Tsubazeria rule changes in high school kendo

The following rule changes will probably not impact your kendo training any time soon nor in the near future. However, implementation of them in competition for young Japanese kenshi ensures that there will be a stylistic change in the kendo leaders of the future and it is also strongly hints at what the kendo leaders of today see as bad style.

The changes have been in discussion and trial over quite a while here in Japan (implementation was decided in May 2009, and I have personally seen the rules been applied in shiai), but it is only from this month (October 2009) where competitors will get a hansoku rather than a warning, i.e. the rules go into full implementation.

Lets look at a simple definition of the new rules:

– from a correct tsubazeriai you have 10 seconds to either attempt a strike, or break off. Not doing so will result in a penalty (hansoku);

– if you chose to break off from tsubazeriai you must do so to a distance where your shinai (kensaki) are not touching

– if you are trying to break off from tsubazeriai yet start attacking, taking jodan, or doing something other than attempting to break to the distance above then you will be penalised (hansoku)

An emphasis on “correct tsubazeriai”

One of the major points in the literature and training seminars concerning this is that tsubazeriai must be “correctly” done. That is, both competitors must work to not allow their hands to float up, ensure their posture is correct, and their shinai must be on the omote (right) side of their opponents. Incorrect tsubazeriai will earn you a hansoku.

Although pushing and the placement of the shinai on your opponents shoulder are not covered in these new rules, both are already considered bad form and could land you with a penalty.

Ura tsubazeriai?

If your shinai goes to the ura (left) side, then you won’t be penalised as long as you make an effort to move it back.Also, breaking off whilst your shinai on the ura side generally won’t result in a penalty unless it is continually done by a particular competitor.

What if an attack is launched at the very moment one of the competitors chooses to break off?

In this instance the decision to award a successful strike is left to the shinpan. However, it must be from the point (or pretty much so) where the competitors kote are touching. If an attack is launched when one competitor has already moved back somewhat, then that would be a penalty.

Why were these changes made?

This is relatively easy question to answer: kendo absolutely prefers a positive, forward attacking style, especially the younger you are. However, many youth competitions in recent times have seen an amazing amount of hikiwaza being scored, sometimes drastically more than a normal men-uchi. There are a few issues tied into this:

– negative kendo: many kenshi simply blocking (sometimes both competitors at the same time) and closing into tsubazeriai is against the preferred positive/attacking style of kendo and is seen as incredibly negative (I would go as far to say its even ugly) and has drawn criticism from many corners;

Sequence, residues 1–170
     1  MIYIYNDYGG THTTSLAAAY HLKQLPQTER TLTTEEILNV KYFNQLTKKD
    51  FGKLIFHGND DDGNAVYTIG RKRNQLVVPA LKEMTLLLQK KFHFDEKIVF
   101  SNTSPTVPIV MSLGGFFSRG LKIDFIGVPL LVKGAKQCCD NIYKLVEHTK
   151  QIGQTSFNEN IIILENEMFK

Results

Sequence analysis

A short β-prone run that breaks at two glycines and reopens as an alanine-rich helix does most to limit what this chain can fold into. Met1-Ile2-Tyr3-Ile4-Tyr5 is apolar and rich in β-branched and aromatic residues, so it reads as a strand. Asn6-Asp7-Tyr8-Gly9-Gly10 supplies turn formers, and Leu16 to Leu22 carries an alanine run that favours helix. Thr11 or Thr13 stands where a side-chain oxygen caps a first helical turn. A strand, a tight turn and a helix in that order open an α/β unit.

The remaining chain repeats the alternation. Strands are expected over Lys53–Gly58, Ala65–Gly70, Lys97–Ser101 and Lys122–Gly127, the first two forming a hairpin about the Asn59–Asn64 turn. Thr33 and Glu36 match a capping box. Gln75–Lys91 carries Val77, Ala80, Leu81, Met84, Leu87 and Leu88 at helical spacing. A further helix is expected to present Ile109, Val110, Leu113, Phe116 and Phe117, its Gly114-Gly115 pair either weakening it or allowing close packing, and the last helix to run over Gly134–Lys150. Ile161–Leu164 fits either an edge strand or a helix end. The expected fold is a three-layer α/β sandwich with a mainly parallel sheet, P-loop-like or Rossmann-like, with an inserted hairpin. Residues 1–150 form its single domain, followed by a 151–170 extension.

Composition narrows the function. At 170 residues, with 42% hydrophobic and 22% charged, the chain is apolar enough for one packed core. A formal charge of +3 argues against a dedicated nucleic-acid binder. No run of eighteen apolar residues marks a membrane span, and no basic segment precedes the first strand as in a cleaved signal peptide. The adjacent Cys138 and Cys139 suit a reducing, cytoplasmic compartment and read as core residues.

– blatant time wasting: its obvious that many competitors close into tsubazeria deliberately in order to time waste. With the new 10 second rule combined with the fact that if one person chooses to break off then the other can’t stall, the amount of time they can use up becomes limited;

– increase in hikiwaza specialists: obviously its not a bad thing to have a speciality technique but – as a school kendo coach myself – I’d rather train my students to favour more positive, attacking waza.

What happened to “wakare” ?

If the competitors are in correct tsubazeriai and they both have the will to strike, yet do not do so nor attempt to break off within 10 seconds, then the chushin must chose either to award a hansoku to both kenshi, or call wakare, though they are warned not to use this option “simply.”

My personal feeling is that shinpan will be more likely to call wakare at the beginning of a match but – if the competitors keep going back to tsubazeriai again and again – the chance of getting hansoku will increase drastically.

In summary

The impact these changes will have should become clearer in time, but hopefully it will promote a more forward attacking, positive style, rather than the long tsubazeriai and hikiwaza-centric competition we see a lot of nowadays.

I think the rules are somewhat vague (kendo rules are like that anyway!) and it may take sometime before individual shinpan become comfy with them. In the general kendo population itself there are many stylistic variations of tsubazeriai and how to attack/break off from it, and it follows that the shinpan themselves have a lot of opinion (hangups even!) in the matter.

I said in the beginning that these rule changes probably won’t affect you, and this is true. However, I do believe that what is spelled out by these changes are simple hallmarks of good kendo anyway, and although most kenshi tend to disfavour hikiwaza as their kendo matures, or at least use it in a more rational manner, I think its worthwhile keeping these points in mind while we are practising (and teaching), competition orientated or not.